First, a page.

Chinese is a character-based language, which does not rely on an alphabet. However, it was Romanized to fit the QWERTY keyboard in a homogenising effort, giving rise to Hanyu Pinyin — the most common input method of Mandarin. For artist Yujie Zhou, language serves as the cultural lens through which we apprehend and attribute meaning, and it is inherently shaped by power dynamics. Despite lacking intrinsic meaning, QWERTY stands as a symbol of Western dominance and authoritarian power structures.
In the context of Zhou’s practice, QWERTY is a metaphor for linguistic fragments — the residues of the translation process and the untranslatable gaps in language. The fragmentary narrative is the weapon of choice that Zhou employs in her determined attempts to breach the wall. By doing so, illegibility functions as a form of protest to confront the autocratic nature of segmentation systems.
In her exhibition QWERTY at Hippolyte’s gallery, Zhou interweaves her exploration of language, power, and resistance. The exhibition space is intimately connected with two shadows — from a photography work and a video work, which are inseparable from the discipline inscribed within Zhou’s body and memory. Photography in Chinese essentially means “capturing shadows,” while the etymology of photography refers to “drawing with light.” Through the lens of capturing shadows, she seeks the light that emanates from collective struggles and embraces her true essence. Amid the space’s shadows, Zhou’s textile works — created with the jacquard weaving technique — reveal her way of writing through the creation of artworks and her diverse attempts to defy conventional collective ideologies. The existence of the artwork is both evidence and a symbol of shared experiences.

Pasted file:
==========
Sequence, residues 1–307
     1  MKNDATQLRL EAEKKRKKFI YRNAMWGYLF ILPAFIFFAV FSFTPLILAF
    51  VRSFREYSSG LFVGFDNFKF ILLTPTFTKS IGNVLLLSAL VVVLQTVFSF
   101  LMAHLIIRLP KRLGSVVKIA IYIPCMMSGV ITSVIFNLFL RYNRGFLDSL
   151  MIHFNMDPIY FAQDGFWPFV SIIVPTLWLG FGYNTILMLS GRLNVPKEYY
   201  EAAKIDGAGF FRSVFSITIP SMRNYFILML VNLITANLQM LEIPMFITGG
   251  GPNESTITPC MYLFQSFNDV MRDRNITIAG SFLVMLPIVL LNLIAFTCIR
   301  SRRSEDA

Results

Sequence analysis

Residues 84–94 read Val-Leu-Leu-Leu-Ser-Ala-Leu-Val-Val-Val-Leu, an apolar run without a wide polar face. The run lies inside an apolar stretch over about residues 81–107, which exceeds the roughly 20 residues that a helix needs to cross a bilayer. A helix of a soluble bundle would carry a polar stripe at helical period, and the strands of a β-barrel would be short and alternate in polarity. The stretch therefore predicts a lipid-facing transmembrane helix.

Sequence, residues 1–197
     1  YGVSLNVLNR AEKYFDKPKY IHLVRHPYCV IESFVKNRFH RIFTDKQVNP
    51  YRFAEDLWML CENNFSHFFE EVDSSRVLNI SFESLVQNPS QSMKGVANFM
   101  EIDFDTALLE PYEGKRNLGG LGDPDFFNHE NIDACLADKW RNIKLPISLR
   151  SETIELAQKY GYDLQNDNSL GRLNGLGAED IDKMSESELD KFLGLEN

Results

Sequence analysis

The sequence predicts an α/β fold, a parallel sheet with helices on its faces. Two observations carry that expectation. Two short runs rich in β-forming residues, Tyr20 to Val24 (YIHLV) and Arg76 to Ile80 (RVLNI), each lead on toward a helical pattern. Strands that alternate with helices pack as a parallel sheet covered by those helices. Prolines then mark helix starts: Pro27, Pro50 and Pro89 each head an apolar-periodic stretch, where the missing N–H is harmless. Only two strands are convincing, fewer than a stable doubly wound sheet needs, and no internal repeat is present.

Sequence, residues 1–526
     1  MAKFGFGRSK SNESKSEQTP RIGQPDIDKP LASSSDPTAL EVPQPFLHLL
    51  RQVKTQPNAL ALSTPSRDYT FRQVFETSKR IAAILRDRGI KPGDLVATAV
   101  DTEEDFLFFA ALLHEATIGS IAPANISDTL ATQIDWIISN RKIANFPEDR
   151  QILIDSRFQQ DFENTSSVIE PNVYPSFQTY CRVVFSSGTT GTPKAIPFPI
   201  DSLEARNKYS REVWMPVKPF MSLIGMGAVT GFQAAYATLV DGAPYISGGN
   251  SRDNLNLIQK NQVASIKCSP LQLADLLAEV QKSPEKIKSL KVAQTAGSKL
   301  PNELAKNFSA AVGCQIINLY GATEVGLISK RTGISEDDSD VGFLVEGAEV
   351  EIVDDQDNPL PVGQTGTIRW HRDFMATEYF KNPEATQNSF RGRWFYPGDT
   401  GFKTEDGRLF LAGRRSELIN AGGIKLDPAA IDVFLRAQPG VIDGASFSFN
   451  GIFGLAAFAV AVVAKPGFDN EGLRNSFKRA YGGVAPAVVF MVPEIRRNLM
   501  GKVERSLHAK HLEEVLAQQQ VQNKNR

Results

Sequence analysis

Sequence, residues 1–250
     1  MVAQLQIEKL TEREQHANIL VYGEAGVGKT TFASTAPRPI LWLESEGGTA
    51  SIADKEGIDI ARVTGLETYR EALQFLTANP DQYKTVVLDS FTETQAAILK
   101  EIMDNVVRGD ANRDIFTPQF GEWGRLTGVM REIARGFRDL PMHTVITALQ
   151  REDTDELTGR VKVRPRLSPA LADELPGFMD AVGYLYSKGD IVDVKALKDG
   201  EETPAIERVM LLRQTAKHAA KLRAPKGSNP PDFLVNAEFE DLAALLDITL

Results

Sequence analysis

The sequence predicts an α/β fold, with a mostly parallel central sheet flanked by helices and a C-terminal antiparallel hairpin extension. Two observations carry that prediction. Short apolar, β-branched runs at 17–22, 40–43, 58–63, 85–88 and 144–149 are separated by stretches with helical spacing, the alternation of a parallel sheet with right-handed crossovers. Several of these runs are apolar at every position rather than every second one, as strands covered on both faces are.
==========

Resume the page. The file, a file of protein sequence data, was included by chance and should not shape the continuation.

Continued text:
The artworks featured in QWERTY are part of a series titled Panoptic Segmentation. From a self-reflective and critical standpoint, the series aims to question the relationship between socially constructed collective narratives and the fragmented, anonymous, and silent forms of individual protest.
Yujie Zhou (b. 1997, China) is a visual artist based in Helsinki. Through performativity and a decoded notion of language, her practice seeks to interrogate dominant historical narratives and power structures while reframing collective individuality. Zhou completed her MA in Photography at Aalto University in 2023. Her work has been exhibited internationally, including at the Finnish Museum of Photography, Photographic Centre Peri (Finland), BFoto Festival (Spain), and alpha nova & galerie futura (Germany) as part of Berlin Art Week 2023. She is set to participate in the Saari Residency maintained by the Kone Foundation in spring 2024.
The exhibition has been supported by Finnfoto.
Photographic Gallery Hippolyte
Kuva: Yujie Zhou, 1989 in Translation, 2022